Essays in this section:
Overview Essay on the Planter's Perspective
Civil Laws Enacted by the Planters to Supress Slave Resistance
Slave Resistance in Post-Slave Trade Jamaica
Planters and Slave Resistance: Two Original Accounts

In my analysis of two dissimilar accounts of slave resistance in Jamaica during the early 19th century, I hope to construct a broad picture of the types of punishments that plantation owners and their employees used against slaves who chose to resist oppression. The two authors that I discuss describe the relationships between the enslaved Africans and their masters. These accounts show that planters and enslaved blacks each attempted to manipulate their mutual relationship, affecting the magnitude of slave opposition and the repercussions of resistance.

Mathew Gregory Lewis’ account of his initial residence in Jamaica, from 1815-1816, depicts his distinct perspective on slaves and his interactions with them. Immediately upon his arrival, Lewis claimed a paternal role in relation to his slaves, which he, like all white men, saw as inferior beings, incapable of self-sufficiency. This belief became apparent when Lewis wrote about the law of provisions, which permitted the slaves a day to tend their plots of land. This happened regularly every week, supposedly so that they would not gather too much at once and end up trading it for alcohol which, in turn, would send them begging after a short period of time, "for they are so thoughtless and improvident." Lewis’ rationale in this case shows how he belittled the slaves, validating (for himself) his authority over them and justifying their enslavement.

While sharing the paternalism of other planters, Lewis expressed it differently. Throughout his
journal, he described the atypical types of punishments he imposed on the slaves for their insubordinate behaviors. Forbidding the use of the cart-whip on Cornwall estate because he saw it as a deplorable tool of tyranny, he chose to treat the slaves relatively kindly so that he could threaten them with their departure or refuse them privileges when they got out of line. Sometimes, he even rewarded their resistance in order to regain control of the situation. When thirty slaves feigned sicknesses on one day "in order to sit idle, and chat away the time with their friends." Lewis responded to this by distributing gifts to them from England. He then let the slaves take possession of his own dwelling so that they could "amuse themselves." Soon the slaves began to comply once more with their "massa," feeding his already bulging ego.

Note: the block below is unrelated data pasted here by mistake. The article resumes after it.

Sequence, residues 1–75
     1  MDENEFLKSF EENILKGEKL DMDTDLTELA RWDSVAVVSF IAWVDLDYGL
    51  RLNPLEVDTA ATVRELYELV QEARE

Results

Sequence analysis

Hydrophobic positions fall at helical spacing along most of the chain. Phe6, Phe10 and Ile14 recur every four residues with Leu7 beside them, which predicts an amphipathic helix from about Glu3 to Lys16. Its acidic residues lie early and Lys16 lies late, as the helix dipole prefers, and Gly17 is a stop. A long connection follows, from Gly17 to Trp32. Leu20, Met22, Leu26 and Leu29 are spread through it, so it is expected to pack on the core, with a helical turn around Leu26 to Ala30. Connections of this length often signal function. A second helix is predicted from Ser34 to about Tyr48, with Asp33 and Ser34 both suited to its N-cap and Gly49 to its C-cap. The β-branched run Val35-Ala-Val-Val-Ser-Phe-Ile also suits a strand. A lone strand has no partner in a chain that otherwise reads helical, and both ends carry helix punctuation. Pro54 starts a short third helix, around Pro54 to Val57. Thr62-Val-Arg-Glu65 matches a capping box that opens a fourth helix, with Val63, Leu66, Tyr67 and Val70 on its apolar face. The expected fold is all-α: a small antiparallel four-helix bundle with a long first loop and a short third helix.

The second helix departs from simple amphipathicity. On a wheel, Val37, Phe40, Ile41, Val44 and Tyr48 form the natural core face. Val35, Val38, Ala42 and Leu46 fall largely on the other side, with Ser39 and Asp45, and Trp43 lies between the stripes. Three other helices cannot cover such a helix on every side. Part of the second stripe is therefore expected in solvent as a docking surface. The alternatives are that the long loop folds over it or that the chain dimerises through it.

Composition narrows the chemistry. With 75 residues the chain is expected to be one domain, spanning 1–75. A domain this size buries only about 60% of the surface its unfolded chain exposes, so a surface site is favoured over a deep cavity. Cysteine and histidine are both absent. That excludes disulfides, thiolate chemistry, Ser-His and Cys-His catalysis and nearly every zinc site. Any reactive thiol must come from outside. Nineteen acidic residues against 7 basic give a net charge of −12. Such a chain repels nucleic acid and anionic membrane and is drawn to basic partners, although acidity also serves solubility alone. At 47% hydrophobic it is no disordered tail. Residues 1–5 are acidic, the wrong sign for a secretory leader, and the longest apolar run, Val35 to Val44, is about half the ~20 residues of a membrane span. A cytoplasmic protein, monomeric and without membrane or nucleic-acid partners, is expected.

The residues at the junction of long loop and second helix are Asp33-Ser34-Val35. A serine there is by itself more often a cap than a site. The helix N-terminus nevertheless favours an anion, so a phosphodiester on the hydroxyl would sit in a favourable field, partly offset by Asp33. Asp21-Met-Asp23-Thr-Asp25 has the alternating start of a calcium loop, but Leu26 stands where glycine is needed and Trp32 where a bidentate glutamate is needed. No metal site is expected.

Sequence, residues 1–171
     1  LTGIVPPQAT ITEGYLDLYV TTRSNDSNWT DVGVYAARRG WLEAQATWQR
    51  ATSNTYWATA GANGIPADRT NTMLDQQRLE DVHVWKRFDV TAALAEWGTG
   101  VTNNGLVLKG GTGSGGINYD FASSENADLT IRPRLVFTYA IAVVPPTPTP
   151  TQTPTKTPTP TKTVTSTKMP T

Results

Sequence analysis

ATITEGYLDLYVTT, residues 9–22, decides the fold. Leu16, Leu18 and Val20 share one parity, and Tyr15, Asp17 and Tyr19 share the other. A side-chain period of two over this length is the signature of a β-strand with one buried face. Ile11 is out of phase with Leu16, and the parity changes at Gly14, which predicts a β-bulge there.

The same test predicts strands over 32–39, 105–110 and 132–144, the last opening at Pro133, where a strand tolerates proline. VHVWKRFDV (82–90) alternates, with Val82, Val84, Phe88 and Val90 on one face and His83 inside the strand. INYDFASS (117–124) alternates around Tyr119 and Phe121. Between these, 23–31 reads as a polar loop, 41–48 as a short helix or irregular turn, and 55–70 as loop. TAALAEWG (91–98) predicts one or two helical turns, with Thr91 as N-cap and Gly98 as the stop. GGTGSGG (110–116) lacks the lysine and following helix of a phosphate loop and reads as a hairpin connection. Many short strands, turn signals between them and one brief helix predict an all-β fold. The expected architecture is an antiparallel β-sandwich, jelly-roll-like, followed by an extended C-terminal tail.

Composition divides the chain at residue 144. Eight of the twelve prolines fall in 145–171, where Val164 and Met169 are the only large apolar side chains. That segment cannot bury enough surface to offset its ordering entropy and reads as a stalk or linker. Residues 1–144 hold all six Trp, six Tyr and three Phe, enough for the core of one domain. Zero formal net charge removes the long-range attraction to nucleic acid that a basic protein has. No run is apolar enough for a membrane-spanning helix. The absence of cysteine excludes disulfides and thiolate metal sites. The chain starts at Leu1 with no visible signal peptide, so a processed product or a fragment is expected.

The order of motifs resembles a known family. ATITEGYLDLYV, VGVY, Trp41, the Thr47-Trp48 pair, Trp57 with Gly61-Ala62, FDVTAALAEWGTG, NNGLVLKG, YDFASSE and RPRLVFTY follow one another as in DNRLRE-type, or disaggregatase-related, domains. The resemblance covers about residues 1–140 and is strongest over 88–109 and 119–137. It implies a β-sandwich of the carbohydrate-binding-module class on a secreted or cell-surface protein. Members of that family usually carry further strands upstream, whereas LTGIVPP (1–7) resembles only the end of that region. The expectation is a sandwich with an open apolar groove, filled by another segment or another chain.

Conversely, the slaves also used this uncommon relationship to manipulate Lewis. Knowing that he believed himself to be morally righteous, the slaves knew he would not knowingly allow the brutal tortures and punishments so common on Jamaican plantations. As a result, they did not hesitate to resist in any way they could. One of the white agents working on Cornwall was attacked when the slaves seized the mill. Miss Whaunica, one of the revolting slave women "flew at his [the agents] throat, and endeavored to strangle him," for attempting to suppress the rebellion. Lewis’ responded to this riotous episode not by physical violence, but by threatening to sell the most adamant mutineers and sailing back to England, never returning to Jamaica. This again restored civility for a brief interlude and allowed Lewis to maintain his illusions of moral grandeur.

Not only did Lewis’ own slaves take advantage of his lax treatment, but the slaves from neighboring plantations would find ways to benefit from his charitable disposition. Peppered throughout his account are many instances of complaints brought to Lewis by slaves from various other estates. He would always listen to them, sometimes spending many days "for above an hour and a half." In several cases he wrote letters to the governor stating these charges of callous treatment. He would even give such slaves food and other items. He gave a blanket to one woman who complained of being to cold because her owner would not provide adequate "bedclothes." Lewis’ self-righteousness resulted in a distinctly abnormal relationship between him and the slaves of Jamaica.